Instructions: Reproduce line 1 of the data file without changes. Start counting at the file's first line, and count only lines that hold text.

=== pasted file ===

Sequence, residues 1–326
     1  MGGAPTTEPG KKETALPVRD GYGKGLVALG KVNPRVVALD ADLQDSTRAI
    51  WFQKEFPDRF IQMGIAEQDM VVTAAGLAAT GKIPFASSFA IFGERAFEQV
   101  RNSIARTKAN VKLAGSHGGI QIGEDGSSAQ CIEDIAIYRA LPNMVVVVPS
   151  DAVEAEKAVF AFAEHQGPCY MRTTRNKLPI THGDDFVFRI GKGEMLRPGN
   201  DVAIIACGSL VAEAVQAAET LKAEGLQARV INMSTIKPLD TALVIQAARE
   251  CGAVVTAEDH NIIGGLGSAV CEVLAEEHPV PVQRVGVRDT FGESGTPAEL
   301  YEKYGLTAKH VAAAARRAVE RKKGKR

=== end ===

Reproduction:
Sequence, residues 1–326